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Dear Dr. Roach: I’m writing about atrial fibrillation. In April I had a one-time 17-hour stint of it. I was not aware of anything happening at the time. When I had a device check (heart pacemaker), I was told of this occurrence, and it was recommended that I see my heart specialist. As a result, I was given the choice of taking Eliquis. It was highly recommended. I purchased some, but did not take any of these pills because of the warnings on TV that this medication “can cause a stroke, bleeding risks,” etc. I also have had an aortic valve replacement and they recommend I do not take this pill.

P.A.

Dear P.A.: Atrial fibrillation is a common condition, especially in older people, where the rhythm of the heart is disrupted. This can cause symptoms due to an irregular heart rate (palpitations), exercise intolerance or shortness of breath (especially if the heart rate is too fast), but it doesn’t always cause symptoms.

Even without symptoms, atrial fibrillation is concerning because it ups the risk of blood clots. Without coordinated rhythm, the blood in the atria (top chambers of the heart) can form clots, which can get carried in the bloodstream to the brain. There they cause a stroke. The risk of stroke in a person with atrial fibrillation depends on age, sex and other factors, but it is something like 3 to 5 percent per year. With medication, such as apixaban (Eliquis) or warfarin (Coumadin), that risk is reduced by about two-thirds.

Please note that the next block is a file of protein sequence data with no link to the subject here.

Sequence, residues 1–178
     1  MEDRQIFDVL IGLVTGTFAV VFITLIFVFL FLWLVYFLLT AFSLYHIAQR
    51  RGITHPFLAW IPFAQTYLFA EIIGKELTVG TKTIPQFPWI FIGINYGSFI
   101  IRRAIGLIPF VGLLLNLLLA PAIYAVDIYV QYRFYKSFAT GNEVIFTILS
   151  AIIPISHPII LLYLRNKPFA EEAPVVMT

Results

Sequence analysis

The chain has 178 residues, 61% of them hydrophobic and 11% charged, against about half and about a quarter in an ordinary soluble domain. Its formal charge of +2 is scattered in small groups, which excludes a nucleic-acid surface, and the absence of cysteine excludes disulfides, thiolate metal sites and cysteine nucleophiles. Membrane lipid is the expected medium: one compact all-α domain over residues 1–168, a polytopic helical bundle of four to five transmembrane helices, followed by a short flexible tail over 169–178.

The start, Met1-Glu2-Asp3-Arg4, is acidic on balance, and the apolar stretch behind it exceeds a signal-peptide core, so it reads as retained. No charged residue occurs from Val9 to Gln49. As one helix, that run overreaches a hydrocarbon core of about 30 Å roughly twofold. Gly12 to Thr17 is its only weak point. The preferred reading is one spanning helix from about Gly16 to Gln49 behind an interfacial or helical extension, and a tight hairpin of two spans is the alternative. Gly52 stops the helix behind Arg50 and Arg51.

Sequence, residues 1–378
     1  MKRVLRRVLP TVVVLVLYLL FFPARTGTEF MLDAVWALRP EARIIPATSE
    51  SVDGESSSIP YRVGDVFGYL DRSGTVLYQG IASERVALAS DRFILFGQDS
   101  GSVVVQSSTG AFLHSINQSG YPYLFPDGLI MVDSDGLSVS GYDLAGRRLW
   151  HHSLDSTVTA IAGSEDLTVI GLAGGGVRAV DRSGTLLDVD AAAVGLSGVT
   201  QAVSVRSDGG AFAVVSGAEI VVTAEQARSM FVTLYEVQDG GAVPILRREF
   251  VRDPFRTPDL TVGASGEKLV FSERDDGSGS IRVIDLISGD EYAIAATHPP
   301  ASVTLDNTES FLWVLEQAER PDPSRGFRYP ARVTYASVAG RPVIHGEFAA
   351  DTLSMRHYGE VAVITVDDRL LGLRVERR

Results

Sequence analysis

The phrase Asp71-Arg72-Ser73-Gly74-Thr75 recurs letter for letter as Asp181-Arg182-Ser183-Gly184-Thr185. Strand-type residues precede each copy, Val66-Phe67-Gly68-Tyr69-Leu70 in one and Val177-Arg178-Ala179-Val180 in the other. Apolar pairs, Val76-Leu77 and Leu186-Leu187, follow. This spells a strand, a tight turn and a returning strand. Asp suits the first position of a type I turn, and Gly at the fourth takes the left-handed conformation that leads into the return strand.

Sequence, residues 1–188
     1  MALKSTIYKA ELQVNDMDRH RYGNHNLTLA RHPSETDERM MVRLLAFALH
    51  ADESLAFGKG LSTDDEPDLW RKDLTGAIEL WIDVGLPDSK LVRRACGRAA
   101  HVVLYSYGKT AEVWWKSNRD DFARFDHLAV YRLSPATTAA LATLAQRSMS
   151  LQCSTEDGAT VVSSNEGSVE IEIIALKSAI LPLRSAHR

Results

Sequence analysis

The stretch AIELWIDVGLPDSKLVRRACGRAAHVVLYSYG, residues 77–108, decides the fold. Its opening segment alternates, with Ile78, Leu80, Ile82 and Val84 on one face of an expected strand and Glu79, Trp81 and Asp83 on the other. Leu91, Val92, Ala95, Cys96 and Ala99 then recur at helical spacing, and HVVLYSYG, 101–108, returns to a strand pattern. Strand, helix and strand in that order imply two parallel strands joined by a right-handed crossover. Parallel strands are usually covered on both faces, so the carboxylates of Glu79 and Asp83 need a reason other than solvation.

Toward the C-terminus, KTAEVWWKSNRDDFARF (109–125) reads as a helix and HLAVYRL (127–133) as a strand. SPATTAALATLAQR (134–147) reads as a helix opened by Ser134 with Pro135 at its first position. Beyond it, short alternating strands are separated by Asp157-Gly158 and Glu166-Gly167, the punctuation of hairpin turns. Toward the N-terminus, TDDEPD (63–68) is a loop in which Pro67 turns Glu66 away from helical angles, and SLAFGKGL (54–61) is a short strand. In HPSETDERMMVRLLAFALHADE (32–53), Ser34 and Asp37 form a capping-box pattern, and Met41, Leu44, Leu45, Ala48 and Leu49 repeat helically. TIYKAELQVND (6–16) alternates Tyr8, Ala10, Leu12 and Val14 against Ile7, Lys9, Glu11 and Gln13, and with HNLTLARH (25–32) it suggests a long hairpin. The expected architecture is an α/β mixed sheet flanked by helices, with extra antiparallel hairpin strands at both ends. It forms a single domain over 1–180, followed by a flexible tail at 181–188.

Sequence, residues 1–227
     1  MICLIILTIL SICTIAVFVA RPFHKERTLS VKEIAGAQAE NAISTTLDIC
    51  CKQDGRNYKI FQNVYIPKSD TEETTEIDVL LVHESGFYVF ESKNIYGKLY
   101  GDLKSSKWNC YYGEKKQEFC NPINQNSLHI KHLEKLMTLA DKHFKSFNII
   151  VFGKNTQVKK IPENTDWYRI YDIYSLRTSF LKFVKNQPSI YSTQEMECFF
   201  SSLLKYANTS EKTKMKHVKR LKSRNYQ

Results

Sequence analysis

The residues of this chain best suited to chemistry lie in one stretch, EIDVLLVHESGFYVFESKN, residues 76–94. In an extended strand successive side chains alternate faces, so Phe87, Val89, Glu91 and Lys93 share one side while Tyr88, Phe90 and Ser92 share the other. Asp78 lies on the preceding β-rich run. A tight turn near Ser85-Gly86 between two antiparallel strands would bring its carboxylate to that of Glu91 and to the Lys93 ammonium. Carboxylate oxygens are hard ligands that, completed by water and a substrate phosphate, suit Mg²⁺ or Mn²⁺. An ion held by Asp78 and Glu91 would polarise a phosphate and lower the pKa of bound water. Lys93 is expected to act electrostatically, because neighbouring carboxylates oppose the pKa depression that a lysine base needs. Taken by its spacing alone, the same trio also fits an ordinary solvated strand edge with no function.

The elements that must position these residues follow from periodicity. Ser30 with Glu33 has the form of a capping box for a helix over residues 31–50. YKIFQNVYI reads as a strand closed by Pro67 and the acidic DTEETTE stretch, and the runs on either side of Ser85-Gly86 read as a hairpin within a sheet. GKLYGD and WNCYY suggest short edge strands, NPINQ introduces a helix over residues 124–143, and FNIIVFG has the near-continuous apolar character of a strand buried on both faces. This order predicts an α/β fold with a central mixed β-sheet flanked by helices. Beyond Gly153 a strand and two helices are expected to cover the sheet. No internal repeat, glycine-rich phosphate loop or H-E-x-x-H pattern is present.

These medicines work by making it a little harder for the body to form clots. A side effect is that it makes the body a little bit more likely to bleed. Bleeding inside the brain also may cause a stroke, hence the warnings you read and hear for medicines like Eliquis. Still, with medication there is a large net reduction in stroke risk, and if your cardiologist has recommended it, it’s because the cardiologist has reason to think that in taking it, there is more benefit than harm for you.

People with mechanical heart valves are at risk for developing clots and then strokes. Eliquis and other new treatments are not effective for people with mechanical heart valves, and Coumadin remains the best choice for nearly everybody with these kinds of valves. Since you don’t have a mechanical valve (yours is made from pig tissues), you don’t have an increased risk of stroke due to the valve. The valve doesn’t change the fact that you would benefit from treatment of the atrial fibrillation.

Dear Dr. Roach: In a recent column, you discussed possible vitamin D deficiencies caused by no sun exposure from extreme clothing coverage or not going outside at all. I have been diagnosed with vitamin D deficiency and am taking 2,000 IU daily, per my doctor’s advice. I get a lot of sun exposure, but I use sunscreen depending on the amount of exposure I am getting, due to concerns of skin cancer. Is this inhibiting my vitamin D production the same way covering up completely with clothing does?

J.G.

Dear J.G.: Sunscreen does reduce the amount of vitamin D that your skin can synthesize. People who are very careful to keep applying sunscreen, as you report, are at higher risk for developing vitamin D deficiency. This is probably why your doctor recommends that you take supplemental vitamin D.

Email questions to ToYourGoodHealth@med.cornell.edu.

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